#'
#' $$dist(a, b)=\sqrt{(a_1-b_1)^2+(a_2-b_2)^2+...+(a_n-b_n)^2}$$
#'
#' When we have nominal features, it requires a little trick to apply the Euclidean distance formula. We could crate dummy variables as indicators of the nominal feature. The dummy variable would equal to one when we have the feature and zero otherwise. We show two examples:
#'
#' $$
#' Gender= \left\{
#' \begin{array}{ll}
#' 0 & X=male \\
#' 1 & X=female \\
#' \end{array}
#' \right.
#' $$
#' $$
#' Cold= \left\{
#' \begin{array}{ll}
#' 0 & Temp \geq 37F \\
#' 1 & Temp < 37F \\
#' \end{array}
#' \right.
#' $$
#'
#' This allows only binary expressions. If we have multiple nominal categories, just make each one as a dummy variable and apply the Euclidean distance.
#'
#' ## Ways to Determine *k*
#'
#' *k* could be neither too large nor too small. If our *k* is too large, the test record tends to be classified as the most popular class in the training records rather than the most similar one. On the other hand, if the *k* is too small, outliers or noisy data like mislabeling the training data might lead to error in predictions.
#'
#' The common practice is to calculate the square root of the number of training examples and use that number as *k*.
#'
#' A more robust way would be to choose several *k*'s and use the one with best classifying performances.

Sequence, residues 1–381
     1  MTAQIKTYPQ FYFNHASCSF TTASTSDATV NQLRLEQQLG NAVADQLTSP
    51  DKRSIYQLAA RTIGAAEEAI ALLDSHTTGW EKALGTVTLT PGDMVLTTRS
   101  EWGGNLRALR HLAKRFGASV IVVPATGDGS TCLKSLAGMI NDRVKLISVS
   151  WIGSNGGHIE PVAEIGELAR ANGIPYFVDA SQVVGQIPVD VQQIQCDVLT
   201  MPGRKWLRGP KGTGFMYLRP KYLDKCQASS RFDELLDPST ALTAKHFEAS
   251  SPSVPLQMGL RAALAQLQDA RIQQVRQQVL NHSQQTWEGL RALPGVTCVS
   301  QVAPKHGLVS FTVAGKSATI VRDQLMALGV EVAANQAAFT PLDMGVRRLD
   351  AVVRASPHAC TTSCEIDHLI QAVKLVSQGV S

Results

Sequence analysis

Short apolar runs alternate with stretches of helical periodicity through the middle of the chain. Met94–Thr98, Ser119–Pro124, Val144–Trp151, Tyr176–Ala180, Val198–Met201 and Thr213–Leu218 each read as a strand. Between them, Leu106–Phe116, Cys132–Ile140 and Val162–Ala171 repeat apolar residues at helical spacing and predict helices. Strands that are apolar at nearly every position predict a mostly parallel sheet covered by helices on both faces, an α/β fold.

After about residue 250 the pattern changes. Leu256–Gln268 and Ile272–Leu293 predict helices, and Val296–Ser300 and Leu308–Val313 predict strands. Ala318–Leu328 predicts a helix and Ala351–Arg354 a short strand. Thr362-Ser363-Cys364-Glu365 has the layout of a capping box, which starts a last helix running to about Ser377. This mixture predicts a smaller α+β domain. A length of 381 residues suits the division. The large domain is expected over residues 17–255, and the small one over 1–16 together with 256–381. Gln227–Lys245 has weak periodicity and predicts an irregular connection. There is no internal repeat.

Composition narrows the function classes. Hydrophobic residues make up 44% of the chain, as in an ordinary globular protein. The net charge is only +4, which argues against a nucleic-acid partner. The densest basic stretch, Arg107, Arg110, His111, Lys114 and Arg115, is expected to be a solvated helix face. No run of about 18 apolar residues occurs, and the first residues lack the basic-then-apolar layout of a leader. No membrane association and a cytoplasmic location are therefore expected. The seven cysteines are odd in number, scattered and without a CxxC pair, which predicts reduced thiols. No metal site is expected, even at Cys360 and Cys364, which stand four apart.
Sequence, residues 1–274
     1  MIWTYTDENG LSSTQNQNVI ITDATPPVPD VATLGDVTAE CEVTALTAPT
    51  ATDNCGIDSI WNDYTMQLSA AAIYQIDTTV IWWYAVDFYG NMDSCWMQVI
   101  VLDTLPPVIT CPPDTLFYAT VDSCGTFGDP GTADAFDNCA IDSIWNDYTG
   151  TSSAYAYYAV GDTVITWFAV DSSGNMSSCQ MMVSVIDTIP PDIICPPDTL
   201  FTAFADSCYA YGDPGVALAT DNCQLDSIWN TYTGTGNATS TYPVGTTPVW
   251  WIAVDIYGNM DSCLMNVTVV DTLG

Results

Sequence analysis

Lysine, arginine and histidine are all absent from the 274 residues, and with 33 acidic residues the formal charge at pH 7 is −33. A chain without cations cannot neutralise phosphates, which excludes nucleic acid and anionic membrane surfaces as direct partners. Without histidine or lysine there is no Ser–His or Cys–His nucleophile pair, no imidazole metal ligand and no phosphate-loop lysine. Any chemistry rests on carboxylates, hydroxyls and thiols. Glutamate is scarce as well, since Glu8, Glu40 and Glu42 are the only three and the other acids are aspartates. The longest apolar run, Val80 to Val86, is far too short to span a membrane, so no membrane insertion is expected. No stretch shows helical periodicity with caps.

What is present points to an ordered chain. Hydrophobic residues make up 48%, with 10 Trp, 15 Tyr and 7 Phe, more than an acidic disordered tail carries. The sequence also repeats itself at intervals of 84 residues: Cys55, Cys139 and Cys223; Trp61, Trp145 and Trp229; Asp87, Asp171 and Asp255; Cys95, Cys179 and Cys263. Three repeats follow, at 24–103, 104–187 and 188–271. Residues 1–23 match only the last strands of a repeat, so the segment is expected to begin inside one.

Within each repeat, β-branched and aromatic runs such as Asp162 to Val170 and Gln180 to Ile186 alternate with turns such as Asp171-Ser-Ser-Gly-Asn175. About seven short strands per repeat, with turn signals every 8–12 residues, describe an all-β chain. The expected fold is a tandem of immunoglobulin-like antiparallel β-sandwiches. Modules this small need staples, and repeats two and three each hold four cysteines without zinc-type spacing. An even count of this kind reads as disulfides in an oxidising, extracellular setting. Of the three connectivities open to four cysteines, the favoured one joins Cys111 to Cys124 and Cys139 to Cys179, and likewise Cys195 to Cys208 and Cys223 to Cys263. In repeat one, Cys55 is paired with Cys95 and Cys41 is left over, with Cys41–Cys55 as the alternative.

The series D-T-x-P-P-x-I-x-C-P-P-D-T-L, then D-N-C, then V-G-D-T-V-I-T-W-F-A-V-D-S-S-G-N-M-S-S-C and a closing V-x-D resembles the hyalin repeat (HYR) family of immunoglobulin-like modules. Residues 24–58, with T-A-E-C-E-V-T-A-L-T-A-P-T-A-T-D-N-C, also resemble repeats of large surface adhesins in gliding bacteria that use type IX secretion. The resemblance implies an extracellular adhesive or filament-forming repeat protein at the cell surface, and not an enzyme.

#'
#' ## Rescaling of the features
#'
#' Different features might have different scales. For example, we can have a measure of pain scaling from one to ten or one to one hundred. They could be transferred in to same scale. Re-scaling can make each feature contributes to the distance in a relatively equal manner.
#'
#' ## Rescaling Formulas
#'
#' 1. *min-max normalization*
#'
#' $$X_{new}=\frac{X-min(X)}{max(X)-min(X)}$$
#'
#' After re-scaling the $X_{new}$ would ranging from 0 to 1. It measures the distance between each value and its minimum as a percentage. The larger a percentage the further a value is from the minimum. 100% means that the value is at maximum.
#'
#' 2. *z-score standardization*
#'
#' $$X_{new}=\frac{X-\mu}{\sigma}=\frac{X-Mean(X)}{SD(X)}$$
#'
#' This is based on the properties of normal distribution that we have talked about in [Chapter 2](http://www.socr.umich.edu/people/dinov/2017/Spring/DSPA_HS650/notes/02_ManagingData.html). After z-score standardization, the re-scaled feature will have unbounded range. This is different from the min-max normalization that has a designed range from 0 to 1. However, after z-score standardization, the new X is assumed to follow a standard normal distribution.
#'
#' # Case Study
#'
#' ## Step 1: Collecting Data
#'